I have long been an admirer of Earhart’s adventuresome spirit, tenacity and courage — and also her wardrobe. Her staples: a perfect pleated trouser, a crisp dress shirt, a pretty scarf, a well-worn bomber jacket and hardworking boots. Her signature elements: a bit of tousled hair, a scrubbed-clean face, a devil-may-care attitude, and an endearingly scrunched-up Mona Lisa smile.
“Adventure is worthwhile in itself.” –Amelia Earhart
Smithsonian curator Dorothy Cochrane and aircraft restorer Karl Heinzel discuss early aviation, aeronautical technology and Earhart’s Lockheed Vega, the plane she crossed the Atlantic in, which is on display at the Smithsonian National Air and Space Museum in Washington, D.C.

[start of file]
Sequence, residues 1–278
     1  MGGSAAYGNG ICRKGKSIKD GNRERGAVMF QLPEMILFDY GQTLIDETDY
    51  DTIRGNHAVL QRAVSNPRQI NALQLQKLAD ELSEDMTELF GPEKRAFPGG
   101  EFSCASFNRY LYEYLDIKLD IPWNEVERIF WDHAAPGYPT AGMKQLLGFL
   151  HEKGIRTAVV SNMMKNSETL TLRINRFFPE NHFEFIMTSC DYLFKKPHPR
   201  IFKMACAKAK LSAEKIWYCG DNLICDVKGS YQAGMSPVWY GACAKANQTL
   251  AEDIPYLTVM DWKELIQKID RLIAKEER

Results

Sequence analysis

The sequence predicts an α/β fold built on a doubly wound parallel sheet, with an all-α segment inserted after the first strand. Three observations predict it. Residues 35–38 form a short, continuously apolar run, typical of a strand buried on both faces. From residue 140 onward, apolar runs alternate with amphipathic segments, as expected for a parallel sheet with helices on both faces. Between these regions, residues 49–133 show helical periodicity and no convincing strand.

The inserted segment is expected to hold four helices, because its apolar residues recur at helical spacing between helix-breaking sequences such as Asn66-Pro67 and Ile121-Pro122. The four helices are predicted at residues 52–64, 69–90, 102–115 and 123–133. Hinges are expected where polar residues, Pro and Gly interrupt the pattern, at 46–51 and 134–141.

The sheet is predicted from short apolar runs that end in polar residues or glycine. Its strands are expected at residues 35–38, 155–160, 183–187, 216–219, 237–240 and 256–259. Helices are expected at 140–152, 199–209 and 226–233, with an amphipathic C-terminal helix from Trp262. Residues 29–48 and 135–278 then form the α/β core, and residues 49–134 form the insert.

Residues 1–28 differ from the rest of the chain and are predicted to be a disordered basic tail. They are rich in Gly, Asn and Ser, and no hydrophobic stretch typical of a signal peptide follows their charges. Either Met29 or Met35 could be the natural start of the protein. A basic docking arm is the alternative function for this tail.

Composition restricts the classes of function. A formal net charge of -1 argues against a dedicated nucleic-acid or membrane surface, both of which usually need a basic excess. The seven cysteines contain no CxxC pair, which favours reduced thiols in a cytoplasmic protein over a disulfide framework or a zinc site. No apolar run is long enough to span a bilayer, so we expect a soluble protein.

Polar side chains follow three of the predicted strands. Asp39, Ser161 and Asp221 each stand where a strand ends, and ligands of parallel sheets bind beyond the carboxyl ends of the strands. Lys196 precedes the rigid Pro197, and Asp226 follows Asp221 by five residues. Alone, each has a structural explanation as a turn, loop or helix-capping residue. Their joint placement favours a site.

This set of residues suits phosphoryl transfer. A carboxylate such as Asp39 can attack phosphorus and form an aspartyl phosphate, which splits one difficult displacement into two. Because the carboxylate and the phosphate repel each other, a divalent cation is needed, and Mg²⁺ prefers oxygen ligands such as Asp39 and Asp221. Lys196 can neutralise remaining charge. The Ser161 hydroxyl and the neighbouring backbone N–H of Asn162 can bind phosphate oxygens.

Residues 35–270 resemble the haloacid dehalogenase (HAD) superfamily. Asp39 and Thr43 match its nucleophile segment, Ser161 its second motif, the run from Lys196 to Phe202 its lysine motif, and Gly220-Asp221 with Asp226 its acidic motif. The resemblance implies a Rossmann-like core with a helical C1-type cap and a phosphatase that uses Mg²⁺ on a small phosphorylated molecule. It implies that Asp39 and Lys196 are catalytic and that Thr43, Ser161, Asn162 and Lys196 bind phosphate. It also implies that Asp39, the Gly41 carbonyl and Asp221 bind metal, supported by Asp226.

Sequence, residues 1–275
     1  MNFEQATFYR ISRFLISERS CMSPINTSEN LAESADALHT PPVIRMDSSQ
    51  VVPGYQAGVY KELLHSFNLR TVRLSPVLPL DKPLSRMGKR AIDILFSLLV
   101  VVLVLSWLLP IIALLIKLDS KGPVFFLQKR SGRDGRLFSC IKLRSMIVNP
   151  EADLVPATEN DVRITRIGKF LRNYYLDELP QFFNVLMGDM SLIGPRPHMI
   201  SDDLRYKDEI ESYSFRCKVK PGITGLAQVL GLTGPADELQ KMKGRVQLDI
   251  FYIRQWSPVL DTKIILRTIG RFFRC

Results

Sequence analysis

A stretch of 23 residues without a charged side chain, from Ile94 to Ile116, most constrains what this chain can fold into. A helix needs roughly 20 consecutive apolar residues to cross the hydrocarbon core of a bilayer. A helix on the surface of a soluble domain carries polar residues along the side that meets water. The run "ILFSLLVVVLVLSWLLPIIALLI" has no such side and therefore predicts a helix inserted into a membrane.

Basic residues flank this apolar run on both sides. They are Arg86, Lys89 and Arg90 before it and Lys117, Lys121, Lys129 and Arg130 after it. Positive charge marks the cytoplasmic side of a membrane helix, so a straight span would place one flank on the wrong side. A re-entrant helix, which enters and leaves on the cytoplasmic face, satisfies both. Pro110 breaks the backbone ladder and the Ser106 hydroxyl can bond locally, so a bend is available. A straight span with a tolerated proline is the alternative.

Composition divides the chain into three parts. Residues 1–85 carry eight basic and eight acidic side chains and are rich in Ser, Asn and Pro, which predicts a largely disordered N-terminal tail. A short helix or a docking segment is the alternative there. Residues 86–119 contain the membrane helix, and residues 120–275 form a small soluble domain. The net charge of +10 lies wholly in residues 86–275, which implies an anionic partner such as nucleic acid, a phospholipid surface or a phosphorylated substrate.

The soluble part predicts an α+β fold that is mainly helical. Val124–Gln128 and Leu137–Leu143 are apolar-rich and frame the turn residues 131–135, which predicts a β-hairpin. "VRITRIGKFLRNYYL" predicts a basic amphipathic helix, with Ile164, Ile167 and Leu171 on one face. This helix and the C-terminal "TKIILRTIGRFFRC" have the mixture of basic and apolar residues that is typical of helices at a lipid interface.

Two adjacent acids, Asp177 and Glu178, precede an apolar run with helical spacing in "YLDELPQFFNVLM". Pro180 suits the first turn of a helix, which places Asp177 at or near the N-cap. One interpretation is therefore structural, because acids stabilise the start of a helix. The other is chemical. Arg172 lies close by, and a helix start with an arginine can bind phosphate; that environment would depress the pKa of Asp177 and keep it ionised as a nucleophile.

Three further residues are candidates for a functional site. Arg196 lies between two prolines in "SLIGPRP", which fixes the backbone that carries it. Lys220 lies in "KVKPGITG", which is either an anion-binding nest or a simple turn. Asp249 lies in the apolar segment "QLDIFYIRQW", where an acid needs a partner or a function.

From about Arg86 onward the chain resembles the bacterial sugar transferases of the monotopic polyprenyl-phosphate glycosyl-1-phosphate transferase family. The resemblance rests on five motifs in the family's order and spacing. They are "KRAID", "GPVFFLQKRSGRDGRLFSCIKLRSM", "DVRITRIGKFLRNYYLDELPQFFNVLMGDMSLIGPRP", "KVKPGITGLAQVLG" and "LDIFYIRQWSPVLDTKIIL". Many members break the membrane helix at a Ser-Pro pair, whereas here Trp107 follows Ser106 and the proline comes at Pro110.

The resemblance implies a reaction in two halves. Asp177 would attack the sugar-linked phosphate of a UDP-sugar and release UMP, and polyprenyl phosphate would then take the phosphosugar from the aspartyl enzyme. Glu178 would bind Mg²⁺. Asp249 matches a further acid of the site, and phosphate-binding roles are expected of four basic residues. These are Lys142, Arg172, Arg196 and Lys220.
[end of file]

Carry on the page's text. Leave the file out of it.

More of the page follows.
26/10/2011 § Leave a Comment
“The thing is, I see a lot of girls with the quiff, but never with the clothes. Ever. I think a lot of girls just don’t want to look that much like a boy — so they don’t go there. Even though they might admire it, they wouldn’t take it on themselves. Just like I can admire a woman in a dress but God, I would never wear one. But people I’ve always admired throughout my lifetime, it’s people like Prince and David Bowie, um, and Michael Jackson as well.”
Singularly obsessed with Elly this week.
24/10/2011 § 2 Comments
“I was for a very long time passionately in love with her, as I’m sure she’s guessed. Every male in the world, and a number of females also were, and we all still are.” –David Bowie
Most frequently the pictures of Françoise that roll around the internet are from years ago, but I think the more current ones are even more alluring. She continues to be one of the most beautiful women in the world. I am in love with her hair.
06/10/2011 § Leave a Comment